Snowflake Service Account Security, Part 3

Author: Jonathan Sander

Snowflake Security

In Part 1 and Part 2 of this blog post series, Snowflake Service Account Security, discussed service accounts threats and how to mitigate those threats with Snowflake features. Part 3 demonstrates how to manage credential rotation with a sample Hashicorp Vault plugin. You can use many platforms to achieve similar results. The important thing is to understand the patterns used to apply these controls to protect your service accounts. 

Mitigations Offered Using Credential Rotation

This table shows how credential rotation benefits our mitigations:

How the Vault Plugin Works

For complete instructions and to get the plugin for testing, please see the github repository with the code and documentation. The following two scenarios demonstrate how to use the plugin to attain strong controls. 

The scenarios assume that you have already done all the setup.

In the first scenario, you use the plugin to create ephemeral users with very specific rights. To do this you create a role in Vault. The role contains the instructions to create the user properly in Snowflake. You can then read from this Vault role to get a temporary username and password. 

We will create a role called xvi and then call it to get a user:

 

This results in a user being created in Snowflake:

This user is later deleted by Vault when the lease expires (this is from the Vault logs):

Notice a couple key points that relate to our mitigation goals:

  • The role creates users with a specific set of rights encapsulated in their roles and warehouses. This allows us to create a user with the least privilege needed.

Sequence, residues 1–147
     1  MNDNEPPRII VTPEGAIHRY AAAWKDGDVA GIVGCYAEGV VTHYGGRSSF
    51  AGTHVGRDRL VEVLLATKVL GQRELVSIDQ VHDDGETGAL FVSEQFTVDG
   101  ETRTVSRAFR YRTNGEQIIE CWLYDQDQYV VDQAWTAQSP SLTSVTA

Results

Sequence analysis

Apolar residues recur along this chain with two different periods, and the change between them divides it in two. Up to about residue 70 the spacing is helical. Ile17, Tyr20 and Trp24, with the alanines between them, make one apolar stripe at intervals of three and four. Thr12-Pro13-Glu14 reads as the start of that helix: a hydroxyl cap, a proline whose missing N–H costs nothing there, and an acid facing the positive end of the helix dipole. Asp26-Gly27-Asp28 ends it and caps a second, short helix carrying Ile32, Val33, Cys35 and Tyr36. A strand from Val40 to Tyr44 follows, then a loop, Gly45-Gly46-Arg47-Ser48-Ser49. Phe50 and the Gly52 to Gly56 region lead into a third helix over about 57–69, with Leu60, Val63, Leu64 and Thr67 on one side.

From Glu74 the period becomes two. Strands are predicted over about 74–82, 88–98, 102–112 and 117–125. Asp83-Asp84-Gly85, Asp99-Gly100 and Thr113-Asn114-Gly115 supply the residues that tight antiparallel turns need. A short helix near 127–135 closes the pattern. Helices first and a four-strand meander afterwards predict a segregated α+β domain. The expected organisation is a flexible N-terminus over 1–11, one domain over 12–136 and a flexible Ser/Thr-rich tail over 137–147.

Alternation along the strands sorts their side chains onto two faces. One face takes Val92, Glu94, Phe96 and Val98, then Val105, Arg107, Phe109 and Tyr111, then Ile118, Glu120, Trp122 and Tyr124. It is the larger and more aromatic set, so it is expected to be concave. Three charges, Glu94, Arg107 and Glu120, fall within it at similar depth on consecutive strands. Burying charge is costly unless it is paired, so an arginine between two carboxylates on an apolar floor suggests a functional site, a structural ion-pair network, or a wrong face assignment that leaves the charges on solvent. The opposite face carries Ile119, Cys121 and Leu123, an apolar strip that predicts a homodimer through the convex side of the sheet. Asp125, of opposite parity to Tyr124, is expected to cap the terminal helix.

• The role defines a default and maximum time for a user’s credentials to be active. This ensures that it will be a short-lived credential. 

Our second scenario rotates the credentials of an existing Snowflake user. If the user’s name for the service account is important to the application, using this approach allows the name to be pre-defined. Again, we create a Vault role to achieve this. The role, named teamdp, will map to an existing user named bob. We will rotate the password for bob every five minutes. 

After creating the role, we called it to get the new password Vault created for it. When we call it again a little while later, we see the five-minute time to live (TTL) counting down. We can also call rotate-role on the Vault role, and this forces the password to be rotated immediately. 

Notice a few key points that relate to our mitigation goals:

  • The role defines a maximum time for the user’s password to be valid. This ensures that it will be a short-lived credential.
  • Anyone with this password can use it for a limited time before it rotates again automatically. This helps to prevent unwanted access to persistent service accounts.
  • After a program is done with the password, it can call rotate-role to immediately have the password changed to a new value. This controls the password lifecycle completely, preventing the need for any human access.

Conclusion

To prevent attacks, it is critical to automate control of your service account credentials. A variety of systems can help you set up automation and create a moving target, which is the hardest kind of target to hit. Learn more about Snowflake’s commitment to security.